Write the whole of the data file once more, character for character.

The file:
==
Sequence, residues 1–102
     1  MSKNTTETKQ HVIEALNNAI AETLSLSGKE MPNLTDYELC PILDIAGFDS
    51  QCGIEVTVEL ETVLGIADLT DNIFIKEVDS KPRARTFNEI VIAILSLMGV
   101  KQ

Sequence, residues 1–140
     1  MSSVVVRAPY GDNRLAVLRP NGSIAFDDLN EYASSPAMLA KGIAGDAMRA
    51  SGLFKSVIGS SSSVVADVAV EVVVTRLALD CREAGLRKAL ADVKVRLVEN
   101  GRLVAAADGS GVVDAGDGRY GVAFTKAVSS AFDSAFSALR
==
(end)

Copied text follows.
Sequence, residues 1–102
     1  MSKNTTETKQ HVIEALNNAI AETLSLSGKE MPNLTDYELC PILDIAGFDS
    51  QCGIEVTVEL ETVLGIADLT DNIFIKEVDS KPRARTFNEI VIAILSLMGV
   101  KQ

Sequence, residues 1–140
     1  MSSVVVRAPY GDNRLAVLRP NGSIAFDDLN EYASSPAMLA KGIAGDAMRA
    51  SGLFKSVIGS SSSVVADVAV EVVVTRLALD CREAGLRKAL ADVKVRLVEN
   101  GRLVAAADGS GVVDAGDGRY GVAFTKAVSS AFDSAFSALR